Researchers in the field of Quranic studies have observed a number of notable parallels between the Targum Sheni account and the Qur'anic account of Solomon and the Queen in Surah 27:15–44.[16] According to Q 27:16–17, after Solomon took the throne after David, he was taught the "speech of birds" and had an army involving "jinn, humans, and birds". Likewise, Targum Sheni 1:3 asserts also asserts right after describing Solomon taking the throne that he had the obedience of "devils, demons, and ferocious beasts, evil spirits and accidents" and that all sorts of animals, fish, birds and so forth of their own will came to him to be slaughtered for him to eat. The Quranic account continues about Solomon: "Then he inspected the birds, and said, “Why do I not see the hoopoe? Or is he among the absentees? I will punish him most severely, or slay him, unless he gives me a valid excuse"" (vv. 20-21). Similarly, Targum Sheni proceeds soon after the previous quote: “At that time, the cock of the wood was missed among the fowls, and was not found. Then the king commanded in anger that he should appear before him, or else he would destroy him." Next, the Quran talks about how the fowl returned to Solomon and reported to him his finding of a kingdom named Sheba with a woman as its leader who has everything and has a mighty throne, but who also worships the sun instead of God (vv. 22-25). Likewise in Targum Sheni, the cock returns to Solomon and reports to him that he has found a kingdom with a woman as its leader, the "Queen of Saba", and that this kingdom has virtually endless resources and whose people worship the sea rather than God. Both accounts proceed by having the bird go to the kingdom again and sending a letter to the Queen of Saba, commanding her to submit to Solomon’s rule otherwise an army will be sent out to destroy her and her kingdom. Both accounts then proceed by stating that the Queen of Saba, not understanding what she ought to do, appealed to her council for advice. In the Qur’an the council tells her that it’s her decision but in Targum Sheni it also becomes her decision but because she does not trust her council. In both accounts, the Queen of Saba proceeds to send Solomon envoys of gifts. Both accounts proceed by saying that the Queen of Saba decides to proceed and go before Solomon, and she submits before him and ends up worshipping the one true God.[16]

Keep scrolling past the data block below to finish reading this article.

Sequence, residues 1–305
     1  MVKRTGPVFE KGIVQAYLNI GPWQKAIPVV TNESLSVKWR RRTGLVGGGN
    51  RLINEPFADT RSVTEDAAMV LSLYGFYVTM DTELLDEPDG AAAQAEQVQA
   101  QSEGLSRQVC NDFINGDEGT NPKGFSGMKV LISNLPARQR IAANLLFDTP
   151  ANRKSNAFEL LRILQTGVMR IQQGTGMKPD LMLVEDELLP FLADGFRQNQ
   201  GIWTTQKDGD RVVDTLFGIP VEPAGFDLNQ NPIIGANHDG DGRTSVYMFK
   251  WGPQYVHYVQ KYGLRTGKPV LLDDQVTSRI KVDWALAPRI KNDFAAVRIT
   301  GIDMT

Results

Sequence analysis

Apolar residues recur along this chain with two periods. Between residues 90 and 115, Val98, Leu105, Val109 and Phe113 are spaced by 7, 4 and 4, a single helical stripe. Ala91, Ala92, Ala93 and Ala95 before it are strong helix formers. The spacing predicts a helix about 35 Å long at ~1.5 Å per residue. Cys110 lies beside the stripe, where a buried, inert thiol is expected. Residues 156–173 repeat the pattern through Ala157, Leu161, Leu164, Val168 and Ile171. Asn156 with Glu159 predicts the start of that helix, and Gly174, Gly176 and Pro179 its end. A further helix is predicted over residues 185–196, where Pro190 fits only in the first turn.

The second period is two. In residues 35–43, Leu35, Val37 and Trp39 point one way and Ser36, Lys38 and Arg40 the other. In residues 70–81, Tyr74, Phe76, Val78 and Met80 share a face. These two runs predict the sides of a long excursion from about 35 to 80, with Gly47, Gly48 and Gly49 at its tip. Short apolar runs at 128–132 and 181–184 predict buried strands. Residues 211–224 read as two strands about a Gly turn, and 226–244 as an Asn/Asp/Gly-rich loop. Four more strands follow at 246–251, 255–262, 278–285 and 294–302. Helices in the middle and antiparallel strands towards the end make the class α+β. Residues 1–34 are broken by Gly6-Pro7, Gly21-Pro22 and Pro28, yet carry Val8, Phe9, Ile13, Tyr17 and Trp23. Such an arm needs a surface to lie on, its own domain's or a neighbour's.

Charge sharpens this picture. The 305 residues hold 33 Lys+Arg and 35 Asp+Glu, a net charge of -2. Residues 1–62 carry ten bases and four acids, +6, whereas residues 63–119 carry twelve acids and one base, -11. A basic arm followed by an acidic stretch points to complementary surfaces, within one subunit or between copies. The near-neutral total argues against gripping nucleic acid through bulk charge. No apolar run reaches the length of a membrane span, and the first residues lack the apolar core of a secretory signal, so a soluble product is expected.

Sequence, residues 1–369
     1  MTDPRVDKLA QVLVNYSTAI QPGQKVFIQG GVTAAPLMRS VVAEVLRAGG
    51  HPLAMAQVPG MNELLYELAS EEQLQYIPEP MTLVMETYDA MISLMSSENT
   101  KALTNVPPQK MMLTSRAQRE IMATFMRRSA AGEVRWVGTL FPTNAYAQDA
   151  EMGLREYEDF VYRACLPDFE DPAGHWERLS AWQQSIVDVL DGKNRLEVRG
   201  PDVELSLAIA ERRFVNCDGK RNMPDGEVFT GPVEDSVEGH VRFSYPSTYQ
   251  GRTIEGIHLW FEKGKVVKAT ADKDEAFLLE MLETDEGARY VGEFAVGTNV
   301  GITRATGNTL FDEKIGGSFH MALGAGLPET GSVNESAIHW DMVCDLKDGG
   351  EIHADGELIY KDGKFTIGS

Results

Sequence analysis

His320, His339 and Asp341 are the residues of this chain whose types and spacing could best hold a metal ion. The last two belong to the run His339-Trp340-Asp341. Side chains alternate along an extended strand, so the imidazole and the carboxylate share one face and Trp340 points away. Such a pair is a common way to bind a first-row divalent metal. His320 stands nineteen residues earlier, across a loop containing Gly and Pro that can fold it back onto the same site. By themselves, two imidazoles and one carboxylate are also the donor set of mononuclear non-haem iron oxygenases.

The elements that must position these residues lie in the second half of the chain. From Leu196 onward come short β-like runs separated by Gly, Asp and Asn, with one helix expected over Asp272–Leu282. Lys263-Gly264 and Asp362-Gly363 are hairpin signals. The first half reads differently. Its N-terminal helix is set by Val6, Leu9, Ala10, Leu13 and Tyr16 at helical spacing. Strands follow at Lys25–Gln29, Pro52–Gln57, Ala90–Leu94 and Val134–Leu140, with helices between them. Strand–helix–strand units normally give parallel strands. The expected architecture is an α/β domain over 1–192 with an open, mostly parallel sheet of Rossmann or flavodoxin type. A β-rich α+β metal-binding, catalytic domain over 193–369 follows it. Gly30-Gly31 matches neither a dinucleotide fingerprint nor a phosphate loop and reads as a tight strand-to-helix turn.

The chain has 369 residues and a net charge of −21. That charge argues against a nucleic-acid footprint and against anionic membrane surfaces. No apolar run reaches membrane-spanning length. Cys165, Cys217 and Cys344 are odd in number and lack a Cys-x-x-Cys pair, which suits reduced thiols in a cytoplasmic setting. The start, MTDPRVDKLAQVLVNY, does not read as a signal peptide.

The exact nature of the relationship is impacted by which of the two texts is earlier. While the Quran is well-placed in the early seventh century, dates for Targum Sheni range considerably and hypothesis involve both pre-Islamic and post-Islamic dates. Some scholars who view the Quran as earlier still believe that Targum Sheni incorporates pre-existing Jewish and folkloric traditions, perhaps including sixth-century Christian input, which were closer to those presented in the Targum Sheni.[17] The most recent opinion is that the Quran presupposes the narrative found in the Targum Sheni.[15]

Editions and translations



  1. ^ Damsma, Alinda (2014). "The Targums to Esther". European Judaism: A Journal for the New Europe. 47 (1): 127–136. ISSN 0014-3006. JSTOR 42751220.
  2. ^ a b c Flesher, Paul Virgil McCracken; Chilton, Bruce David (2011). The Targums: a critical introduction. Studies in the Aramaic interpretation of Scripture. Leiden: Brill. pp. 246–252. ISBN 978-90-04-21769-0.
  3. ^ "Esther", Jewish Encyclopedia, 1906
  4. ^ Lassner 1993, p. 14–17.
  5. ^ Christine Goldberg, Turandot's Sisters: A Study of the Folktale AT 851, Garland Folklore Library, 7 (New York: Garland, 1993), pp. 22-23.
  6. ^ Amitay, Ory (2010). From Alexander to Jesus. Hellenistic culture and society. Berkeley: University of California Press. p. 115. ISBN 978-0-520-26636-0.
  7. ^ Gelbhaus, Siegmund (1893). Das Targum Scheni zum Buche Esther. pp. 11–20.
  8. ^ a b Encyclopaedia Judaica, Targum Sheni
  9. ^ Iafrate 2015, p. 133–134, n. 76.
  10. ^ Iafrate 2015, p. 148.
  11. ^ a b Stinchcomb, Jillian (2021). "The Queen of Sheba in the Qurʾān and Late Antique Midrash". In Mortensen, Mette Bjerregaard; Dye, Guillaume; Oliver, Isaac W.; Tesei, Tommaso (eds.). The study of Islamic origins: new perspectives and contexts. Judaism, Christianity and Islam -- tension, transmission, tranformation. Berlin ; Boston: De Gruyter. pp. 85–96. ISBN 978-3-11-067543-6.
  12. ^ Grossfeld, Bernard (1991). The Two Targums of Esther. Liturgical Press. pp. 19–25.
  13. ^ Iafrate 2015, p. 133–134, 145–151.
  14. ^ Kalimi, Isaac (2023). The book of Esther between Judaism and Christianity: the biblical story, self-identification, and antisemitic interpretation. Cambridge New York (N.Y.): Cambridge University Press. p. 201. ISBN 978-1-009-26612-3.
  15. ^ a b Ghaffar, Zishan Ahmad (2019-11-04), Der Koran in seinem religions- und weltgeschichtlichen Kontext (in German), Brill Schöningh, pp. 75–109, esp. n. 8, ISBN 978-3-657-70432-3, retrieved 2024-03-25
  16. ^ a b Reynolds, Gabriel Said (2018). The Qur'an and the Bible: text and commentary. New Haven, CT: Yale University Press. pp. 583–589. ISBN 978-0-300-18132-6.
  17. ^ Lassner 1993, p. 132ff, 227 n. 2.


See also